14. Gibson, David J. 1989. Effects of animal disturbance on tallgrass prairie vegetation. The American Midland Naturalist. 121: 144-154. [6641]
15. Gleason, Henry A.; Cronquist, Arthur. 1991. Manual of vascular plants of northeastern United States and adjacent Canada. 2nd ed. New York: New York Botanical Garden. 910 p. [20329]
16. Great Plains Flora Association. 1986. Flora of the Great Plains. Lawrence, KS: University Press of Kansas. 1392 p. [1603]
17. Haber, S.; Harder, D. E. 1992. Green foxtail (Setaria viridis) & barnyardgrass (Echinochloa crusgalli), new hosts of the virus-like agent causing flame chlorosis in cerals. Canadian Journal of Plant Pathology. 14: 278-280. [24042]
18. Hallsten, Gregory P.; Skinner, Quentin D.; Beetle, Alan A. 1987. Grasses of Wyoming. 3rd ed. Research Journal 202. Laramie, WY: University of Wyoming, Agricultural Experiment Station. 432 p. [2906]
19. Harrington, H. D. 1964. Manual of the plants of Colorado. 2d ed. Chicago: The Swallow Press Inc. 666 p. [6851]
20. Hickman, James C., ed. 1993. The Jepson manual: Higher plants of California. Berkeley, CA: University of California Press. 1400 p. [21992]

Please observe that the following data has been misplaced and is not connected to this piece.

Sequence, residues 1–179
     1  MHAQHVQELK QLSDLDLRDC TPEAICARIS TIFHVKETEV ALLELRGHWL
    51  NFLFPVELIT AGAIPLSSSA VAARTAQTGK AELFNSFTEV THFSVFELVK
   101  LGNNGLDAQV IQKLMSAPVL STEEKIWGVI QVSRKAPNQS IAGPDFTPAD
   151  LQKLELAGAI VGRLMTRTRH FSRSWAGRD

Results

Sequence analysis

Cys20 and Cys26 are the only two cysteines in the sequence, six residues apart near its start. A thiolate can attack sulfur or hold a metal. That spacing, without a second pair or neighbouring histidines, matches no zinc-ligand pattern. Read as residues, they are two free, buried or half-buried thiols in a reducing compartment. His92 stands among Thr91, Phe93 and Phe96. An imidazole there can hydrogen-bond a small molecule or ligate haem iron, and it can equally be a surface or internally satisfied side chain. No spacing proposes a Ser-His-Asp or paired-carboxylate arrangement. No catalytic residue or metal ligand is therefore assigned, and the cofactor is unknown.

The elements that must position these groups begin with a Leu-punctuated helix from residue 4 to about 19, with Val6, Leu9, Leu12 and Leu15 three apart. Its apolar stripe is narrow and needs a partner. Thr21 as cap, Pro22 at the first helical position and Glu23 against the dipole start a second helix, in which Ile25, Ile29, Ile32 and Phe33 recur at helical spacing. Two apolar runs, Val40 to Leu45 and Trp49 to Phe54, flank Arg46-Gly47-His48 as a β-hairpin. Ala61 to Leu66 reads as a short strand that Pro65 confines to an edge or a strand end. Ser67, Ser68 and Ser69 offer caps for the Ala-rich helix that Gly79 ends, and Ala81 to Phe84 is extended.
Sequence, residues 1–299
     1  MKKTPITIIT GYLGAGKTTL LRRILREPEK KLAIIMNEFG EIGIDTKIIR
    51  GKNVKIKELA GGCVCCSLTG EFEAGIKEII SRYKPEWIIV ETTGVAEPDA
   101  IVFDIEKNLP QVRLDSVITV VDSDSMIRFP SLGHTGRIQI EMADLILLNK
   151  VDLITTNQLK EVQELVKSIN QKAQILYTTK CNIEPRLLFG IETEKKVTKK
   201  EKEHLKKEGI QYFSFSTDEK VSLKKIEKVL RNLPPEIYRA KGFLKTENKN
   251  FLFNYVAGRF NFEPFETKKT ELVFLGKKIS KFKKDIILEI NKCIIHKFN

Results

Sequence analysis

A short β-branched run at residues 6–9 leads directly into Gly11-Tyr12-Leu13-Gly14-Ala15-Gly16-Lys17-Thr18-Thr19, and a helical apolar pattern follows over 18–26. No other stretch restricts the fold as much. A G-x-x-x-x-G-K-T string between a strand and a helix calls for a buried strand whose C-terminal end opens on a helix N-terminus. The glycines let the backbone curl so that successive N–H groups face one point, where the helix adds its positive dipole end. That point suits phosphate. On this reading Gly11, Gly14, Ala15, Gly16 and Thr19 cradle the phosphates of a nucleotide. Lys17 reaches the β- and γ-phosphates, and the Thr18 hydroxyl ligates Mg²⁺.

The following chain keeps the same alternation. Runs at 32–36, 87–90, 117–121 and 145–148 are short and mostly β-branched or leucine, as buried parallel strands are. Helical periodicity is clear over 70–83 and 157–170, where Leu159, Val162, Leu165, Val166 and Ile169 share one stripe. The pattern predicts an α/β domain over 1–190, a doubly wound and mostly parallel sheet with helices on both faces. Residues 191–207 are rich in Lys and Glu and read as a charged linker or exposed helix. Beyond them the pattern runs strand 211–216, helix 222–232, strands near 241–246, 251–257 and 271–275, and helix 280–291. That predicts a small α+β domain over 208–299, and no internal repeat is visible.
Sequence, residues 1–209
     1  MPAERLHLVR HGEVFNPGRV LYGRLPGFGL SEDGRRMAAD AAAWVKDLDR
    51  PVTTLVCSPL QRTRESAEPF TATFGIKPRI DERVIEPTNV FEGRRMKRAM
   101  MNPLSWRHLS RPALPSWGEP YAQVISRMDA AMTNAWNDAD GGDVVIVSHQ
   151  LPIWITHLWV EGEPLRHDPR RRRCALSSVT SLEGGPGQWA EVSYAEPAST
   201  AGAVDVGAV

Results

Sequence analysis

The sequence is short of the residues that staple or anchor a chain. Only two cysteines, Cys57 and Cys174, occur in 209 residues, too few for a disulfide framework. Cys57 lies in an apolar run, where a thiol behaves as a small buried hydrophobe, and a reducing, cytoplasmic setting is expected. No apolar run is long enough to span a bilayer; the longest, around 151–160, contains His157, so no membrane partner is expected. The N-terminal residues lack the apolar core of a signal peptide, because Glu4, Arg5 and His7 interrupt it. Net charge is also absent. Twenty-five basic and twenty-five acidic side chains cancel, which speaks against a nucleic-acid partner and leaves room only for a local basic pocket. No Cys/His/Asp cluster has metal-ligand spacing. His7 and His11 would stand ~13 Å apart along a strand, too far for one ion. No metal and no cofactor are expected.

21. Hinckley, L. C. 1944. The vegetation of the Mount Livermore area in Texas. The American Midland Naturalist. 32: 236-250. [4451]
22. Hitchcock, A. S. 1951. Manual of the grasses of the United States. Misc. Publ. No. 200. Washington, DC: U.S. Department of Agriculture, Agricultural Research Administration. 1051 p. [2nd edition revised by Agnes Chase in two volumes. New York: Dover Publications, Inc.]. [1165]
23. Hitchcock, C. Leo; Cronquist, Arthur. 1973. Flora of the Pacific Northwest. Seattle, WA: University of Washington Press. 730 p. [1168]
24. Holmgren, Arthur H. 1958. Weeds of Utah. Special Report 12. Logan, UT: Utah State University, Agricultural Experiment Station. 85 p. [2935]
25. Johnson, James R.; Nichols, James T. 1970. Plants of South Dakota grasslands: A photographic study. Bull. 566. Brookings, SD: South Dakota State University, Agricultural Experiment Station. 163 p. [18483]
26. Kantrud, Harold A.; Millar, John B.; van der Valk, A. G. 1989. Vegetation of wetlands of the prairie pothole region. In: van der Valk, Arnold, ed. Northern prairie wetlands. Ames, IA: Iowa State University Press: 132-187. [15217]
27. Kearney, Thomas H.; Peebles, Robert H.; Howell, John Thomas; McClintock, Elizabeth. 1960. Arizona flora. 2d ed. Berkeley, CA: University of California Press. 1085 p. [6563]
28. Keeley, Paul E.; Thullen, Robert J. 1991. Growth and interaction of barnyardgrass (Echinochloa crus-galli) with cotton (Gossypium hirsutum). Weed Science. 39: 369-375. [24036]
29. Kempen, Harold M. 1984. Cotton production losses form weed competition in Kern County: a three year evaluation. In: Proceedings, Western Society of Weed Science. 37: 47-51. [25180]
30. Kuchler, A. W. 1964. Manual to accompany the map of potential vegetation of the conterminous United States. Special Publication No. 36. New York: American Geographical Society. 77 p. [1384]